Focused studies on the historical interactions and formations of Judaism and Christianity
This volume of essays, from an internationally renowned group of scholars, challenges popular ways of understanding how Judaism and Christianity came to be separate religions in antiquity. Essays in the volume reject the belief that there was one parting at an early point in time and contest the argument that there was no parting until a very late date. The resulting volume presents a complex account of the numerous ways partings occurred across the ancient Mediterranean spanning the first four centuries CE.
- Case studies that explore how Jews and Christians engaged in interaction, conflict, and collaboration
- Examinations of the gospels, Paul’s letters, the book of James, as well as rabbinic and noncanonical Christian texts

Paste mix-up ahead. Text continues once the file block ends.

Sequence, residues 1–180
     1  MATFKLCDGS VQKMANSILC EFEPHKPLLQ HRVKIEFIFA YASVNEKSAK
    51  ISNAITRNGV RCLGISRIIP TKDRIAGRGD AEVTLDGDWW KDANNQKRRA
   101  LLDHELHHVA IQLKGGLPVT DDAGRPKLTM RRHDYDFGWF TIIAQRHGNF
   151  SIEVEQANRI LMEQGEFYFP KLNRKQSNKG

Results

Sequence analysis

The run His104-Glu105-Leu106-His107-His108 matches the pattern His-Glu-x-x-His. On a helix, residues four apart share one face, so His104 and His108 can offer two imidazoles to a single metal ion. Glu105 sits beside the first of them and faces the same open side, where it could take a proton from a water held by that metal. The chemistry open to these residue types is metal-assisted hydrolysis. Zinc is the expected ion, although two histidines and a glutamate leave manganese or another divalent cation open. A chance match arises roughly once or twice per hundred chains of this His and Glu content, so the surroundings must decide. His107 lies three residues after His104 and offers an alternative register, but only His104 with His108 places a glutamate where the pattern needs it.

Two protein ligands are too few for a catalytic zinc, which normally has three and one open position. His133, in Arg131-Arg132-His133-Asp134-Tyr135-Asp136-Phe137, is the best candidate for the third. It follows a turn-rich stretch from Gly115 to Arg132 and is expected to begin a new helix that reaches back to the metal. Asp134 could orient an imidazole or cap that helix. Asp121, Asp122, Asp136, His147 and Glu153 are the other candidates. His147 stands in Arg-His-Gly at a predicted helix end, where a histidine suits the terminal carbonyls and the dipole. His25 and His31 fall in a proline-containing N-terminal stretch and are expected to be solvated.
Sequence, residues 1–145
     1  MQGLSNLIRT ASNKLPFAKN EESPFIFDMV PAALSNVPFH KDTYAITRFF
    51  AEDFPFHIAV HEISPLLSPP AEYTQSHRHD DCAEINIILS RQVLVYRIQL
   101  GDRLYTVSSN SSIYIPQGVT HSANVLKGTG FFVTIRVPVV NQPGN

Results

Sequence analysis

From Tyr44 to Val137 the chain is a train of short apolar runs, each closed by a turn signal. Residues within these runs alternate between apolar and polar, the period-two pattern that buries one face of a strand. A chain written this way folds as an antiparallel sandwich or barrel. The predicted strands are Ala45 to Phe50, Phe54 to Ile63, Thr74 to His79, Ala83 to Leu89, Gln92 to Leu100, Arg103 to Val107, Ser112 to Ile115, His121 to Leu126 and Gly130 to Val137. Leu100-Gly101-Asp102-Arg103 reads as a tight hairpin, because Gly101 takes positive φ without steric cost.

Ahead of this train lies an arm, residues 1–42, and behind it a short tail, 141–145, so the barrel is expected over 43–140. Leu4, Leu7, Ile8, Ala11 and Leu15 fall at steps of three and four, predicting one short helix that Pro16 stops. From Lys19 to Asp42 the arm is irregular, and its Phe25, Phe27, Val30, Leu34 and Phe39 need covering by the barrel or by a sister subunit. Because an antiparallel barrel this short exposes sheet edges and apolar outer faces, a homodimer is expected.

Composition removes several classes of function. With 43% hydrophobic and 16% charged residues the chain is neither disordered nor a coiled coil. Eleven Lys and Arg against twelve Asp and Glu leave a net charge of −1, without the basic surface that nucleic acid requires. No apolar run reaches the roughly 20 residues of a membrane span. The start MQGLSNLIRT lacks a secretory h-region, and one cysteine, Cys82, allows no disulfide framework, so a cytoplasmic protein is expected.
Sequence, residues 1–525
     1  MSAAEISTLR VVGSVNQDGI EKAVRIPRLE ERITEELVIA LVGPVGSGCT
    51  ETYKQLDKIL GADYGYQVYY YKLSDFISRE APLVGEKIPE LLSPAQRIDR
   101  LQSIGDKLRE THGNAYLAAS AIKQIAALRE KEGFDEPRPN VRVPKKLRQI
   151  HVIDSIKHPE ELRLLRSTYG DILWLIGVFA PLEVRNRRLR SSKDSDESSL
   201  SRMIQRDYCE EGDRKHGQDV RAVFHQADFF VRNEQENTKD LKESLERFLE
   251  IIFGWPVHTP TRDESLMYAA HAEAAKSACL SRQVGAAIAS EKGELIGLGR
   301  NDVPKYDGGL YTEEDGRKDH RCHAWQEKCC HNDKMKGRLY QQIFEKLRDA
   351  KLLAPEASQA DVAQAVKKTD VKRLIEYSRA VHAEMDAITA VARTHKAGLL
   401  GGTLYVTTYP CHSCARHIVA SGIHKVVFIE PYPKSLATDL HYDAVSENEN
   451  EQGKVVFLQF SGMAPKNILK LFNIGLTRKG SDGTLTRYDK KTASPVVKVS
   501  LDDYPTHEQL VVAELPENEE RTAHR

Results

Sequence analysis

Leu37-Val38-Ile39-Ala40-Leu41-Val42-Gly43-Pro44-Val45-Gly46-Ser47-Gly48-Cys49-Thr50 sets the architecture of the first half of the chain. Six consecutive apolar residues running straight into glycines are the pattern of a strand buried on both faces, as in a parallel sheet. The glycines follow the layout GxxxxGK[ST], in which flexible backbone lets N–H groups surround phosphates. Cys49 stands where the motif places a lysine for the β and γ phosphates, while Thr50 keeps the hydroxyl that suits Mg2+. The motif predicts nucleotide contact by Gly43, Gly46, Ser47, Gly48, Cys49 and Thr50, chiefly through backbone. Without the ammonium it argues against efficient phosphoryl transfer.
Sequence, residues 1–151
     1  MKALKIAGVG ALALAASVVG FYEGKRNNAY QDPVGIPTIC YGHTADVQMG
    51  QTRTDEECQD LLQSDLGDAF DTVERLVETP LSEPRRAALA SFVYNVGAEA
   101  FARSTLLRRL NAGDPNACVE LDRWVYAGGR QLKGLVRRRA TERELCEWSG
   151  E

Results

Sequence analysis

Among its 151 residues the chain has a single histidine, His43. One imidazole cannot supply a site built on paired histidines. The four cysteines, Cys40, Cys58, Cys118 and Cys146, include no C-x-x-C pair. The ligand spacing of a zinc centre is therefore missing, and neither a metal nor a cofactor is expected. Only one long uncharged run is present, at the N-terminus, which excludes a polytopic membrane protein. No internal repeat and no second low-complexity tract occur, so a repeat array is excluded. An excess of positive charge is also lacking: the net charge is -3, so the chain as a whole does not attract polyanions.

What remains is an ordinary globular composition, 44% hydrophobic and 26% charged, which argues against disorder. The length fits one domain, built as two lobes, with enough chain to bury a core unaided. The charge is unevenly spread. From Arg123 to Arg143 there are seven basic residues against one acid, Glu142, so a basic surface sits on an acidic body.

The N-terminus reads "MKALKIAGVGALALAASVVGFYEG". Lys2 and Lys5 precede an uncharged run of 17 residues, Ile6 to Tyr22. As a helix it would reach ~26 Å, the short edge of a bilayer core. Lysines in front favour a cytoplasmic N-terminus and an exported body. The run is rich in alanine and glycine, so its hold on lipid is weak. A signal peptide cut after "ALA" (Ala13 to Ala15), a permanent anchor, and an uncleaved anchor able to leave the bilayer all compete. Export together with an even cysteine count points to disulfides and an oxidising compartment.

- New evidence for historical reconstructions of how Christianity came on the world scene
Lori Baron is a Postdoctoral Fellow in the Department of Theological Studies at St. Louis University. She is the author of The Shema in the Gospel of John (forthcoming, Mohr Siebeck).
Jill Hicks-Keeton is Assistant Professor of Religious Studies at the University of Oklahoma. She is the author of Arguing with Aseneth: Gentile Access to Israel’s “Living God” in Jewish Antiquity (Oxford University Press).
Matthew Thiessen is Associate Professor of Religious Studies at McMaster University. He is the author of Contesting Conversion: Genealogy, Circumcision, and Identity in Ancient Judaism and Christianity and Paul and the Gentile Problem (both Oxford University Press).
Download volume front matter, including table of contents and introduction.
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